What is an event?

Discussion in 'Automated Trading' started by januson, Aug 9, 2010.

  1. januson



    We have all read all such sales words as
    "Performance: StreamBase processes messages at rates of up to hundreds of thousands of messages/second on a single CPU—a factor up to ten times faster performance vs. alternatives."

    But what is measured, incoming trades as events or outgoing aggregations as OHLC events or maybe just in goes out?

    What do you think? :cool:
  2. streambase is a generic event processing engine, so it could be anything really.... their engine was developed for stuff besides financial applications.

    it's most applicable to tick data processing though, since bar data is much less voluminous and processing quickly is less difficult

    note that tradelink also processes ticks in hundreds of thousands per second, and unlike streambase it's totally free and open source... plus we focus exclusively on the financial industry unrelated business such as ecommerce and defense such as streambase. http://tradelink.googlecode.com
  3. januson


    Hi tradelink

    So you think StreamBase Sales Speak could refer to anything, something like that was going through my mind.

    Well... my question was more in the like... CEP and not dedicated Trading Engines, btw. TradeLink only performs 50% of Esper, do you have a comment on that?
  4. sure.

    the comparison you're making is not apples to apples, esper is a real time engine only.... so processing 500k events a second isn't actually very fast for an in memory realtime setup. I have seen people run in memory simulations with tradelink at 2-30million ticks per second. The 200-300k/sec historical performance in tradelink is based on historical simulations, something that's not possible to do with esper.

    Also note events and ticks aren't the same apple in terms of comparison either. A single tick could have multiple events/signals generated from it. so in the case of an in memory simulation above, tradelink events rates could be many multiples higher than the per tick number.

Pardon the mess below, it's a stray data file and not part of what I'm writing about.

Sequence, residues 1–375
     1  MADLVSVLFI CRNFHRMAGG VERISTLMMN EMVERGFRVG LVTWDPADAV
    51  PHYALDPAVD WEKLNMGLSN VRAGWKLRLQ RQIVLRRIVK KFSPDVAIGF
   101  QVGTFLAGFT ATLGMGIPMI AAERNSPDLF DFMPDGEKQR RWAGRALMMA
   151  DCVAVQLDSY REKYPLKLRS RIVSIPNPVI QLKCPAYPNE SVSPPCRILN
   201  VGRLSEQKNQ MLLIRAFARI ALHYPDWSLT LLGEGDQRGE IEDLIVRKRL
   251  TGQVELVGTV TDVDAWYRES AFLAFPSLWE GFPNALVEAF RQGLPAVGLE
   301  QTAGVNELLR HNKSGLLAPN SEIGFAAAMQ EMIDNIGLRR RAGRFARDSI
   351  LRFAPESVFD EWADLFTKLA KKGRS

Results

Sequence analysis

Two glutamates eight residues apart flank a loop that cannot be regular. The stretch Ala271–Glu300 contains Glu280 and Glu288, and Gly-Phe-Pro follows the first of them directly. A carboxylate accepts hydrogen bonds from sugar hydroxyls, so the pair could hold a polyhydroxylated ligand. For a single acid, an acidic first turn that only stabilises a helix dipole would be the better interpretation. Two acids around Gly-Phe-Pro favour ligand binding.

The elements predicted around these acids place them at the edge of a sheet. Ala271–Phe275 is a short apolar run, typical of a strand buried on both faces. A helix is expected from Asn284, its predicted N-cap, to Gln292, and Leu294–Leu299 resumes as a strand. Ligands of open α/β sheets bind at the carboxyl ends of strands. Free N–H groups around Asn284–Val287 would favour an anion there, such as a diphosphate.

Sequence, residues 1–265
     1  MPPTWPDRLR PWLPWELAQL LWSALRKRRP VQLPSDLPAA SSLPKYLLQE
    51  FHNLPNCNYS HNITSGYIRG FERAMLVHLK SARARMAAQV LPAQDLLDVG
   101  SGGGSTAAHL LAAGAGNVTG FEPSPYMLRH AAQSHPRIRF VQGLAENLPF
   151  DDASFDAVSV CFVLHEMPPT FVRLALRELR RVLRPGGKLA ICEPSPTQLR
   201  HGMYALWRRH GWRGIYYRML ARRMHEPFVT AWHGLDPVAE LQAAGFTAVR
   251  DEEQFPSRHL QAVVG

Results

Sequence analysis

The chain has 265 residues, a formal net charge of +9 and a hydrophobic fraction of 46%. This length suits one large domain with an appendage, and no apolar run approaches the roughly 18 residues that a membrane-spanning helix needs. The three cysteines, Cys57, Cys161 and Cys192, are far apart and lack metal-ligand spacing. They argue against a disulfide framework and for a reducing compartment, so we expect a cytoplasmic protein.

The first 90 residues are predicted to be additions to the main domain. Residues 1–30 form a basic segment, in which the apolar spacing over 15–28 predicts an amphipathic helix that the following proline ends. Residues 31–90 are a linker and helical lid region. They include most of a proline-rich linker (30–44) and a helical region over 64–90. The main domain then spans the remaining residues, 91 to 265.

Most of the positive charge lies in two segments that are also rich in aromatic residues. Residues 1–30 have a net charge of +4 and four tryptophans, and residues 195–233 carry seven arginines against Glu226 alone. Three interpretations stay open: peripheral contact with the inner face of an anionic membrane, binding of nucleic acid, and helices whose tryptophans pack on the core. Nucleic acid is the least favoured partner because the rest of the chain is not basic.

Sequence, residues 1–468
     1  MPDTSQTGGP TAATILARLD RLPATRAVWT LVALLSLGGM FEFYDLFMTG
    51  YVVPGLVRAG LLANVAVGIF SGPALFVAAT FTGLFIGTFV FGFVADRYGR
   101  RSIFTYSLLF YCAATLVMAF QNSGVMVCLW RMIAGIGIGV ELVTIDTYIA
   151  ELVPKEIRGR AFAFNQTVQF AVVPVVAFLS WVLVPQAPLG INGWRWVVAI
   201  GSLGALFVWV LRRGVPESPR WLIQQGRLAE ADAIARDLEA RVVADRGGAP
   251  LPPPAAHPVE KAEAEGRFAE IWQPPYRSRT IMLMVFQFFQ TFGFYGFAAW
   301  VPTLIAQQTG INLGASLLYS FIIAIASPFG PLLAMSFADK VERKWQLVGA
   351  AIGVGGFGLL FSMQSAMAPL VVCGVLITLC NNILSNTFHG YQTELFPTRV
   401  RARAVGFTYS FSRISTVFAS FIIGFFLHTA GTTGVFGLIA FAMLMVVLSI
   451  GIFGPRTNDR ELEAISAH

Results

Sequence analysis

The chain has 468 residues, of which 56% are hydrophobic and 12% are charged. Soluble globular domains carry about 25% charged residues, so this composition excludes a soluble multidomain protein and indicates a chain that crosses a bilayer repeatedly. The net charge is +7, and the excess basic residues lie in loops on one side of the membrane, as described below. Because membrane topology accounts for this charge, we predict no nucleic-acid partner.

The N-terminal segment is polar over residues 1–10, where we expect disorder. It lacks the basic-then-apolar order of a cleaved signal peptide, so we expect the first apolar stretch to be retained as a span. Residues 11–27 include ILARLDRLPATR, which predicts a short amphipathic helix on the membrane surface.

The reason for this is that CEP frameworks are always going to add extra overhead in comparison to using if/then statements. Thus for the same if/then logic, tradelink should most always be faster than a CEP framework if they are both running on .net. If you choose to use CEP, you should make sure you're getting a return for this extra overhead in terms of saving you code or the time to write that code.

    TradeLink is geared for trading applications only, so we put tons of stuff in there to minimize the code you have to write. In a vanilla CEP framework you get none of this, plus you don't get broker or feed connections, you don't get a historical tick store and the ability to run historical simulations.... etc etc.

    It should be noted that there's no reason you can't use a framework like ESPER inside of tradelink. tradelink is fully .net compliant.

  5. januson


    Ohh I wasn't looking for a trading platform, just curious, because I have read a big amount of literature of the subject.

    The performance of Tradelink is however interesting, always nice to have some benchmarks while developing :)
  6. Jwang


    Also they usually quote times for doing something very basic. It might take in one piece of information and just pass it on. That won't take very much time compared to doing heavy analysis.
  7. rosy2


    why do you think you cannot run historical simulations through esper? or am i miss understanding something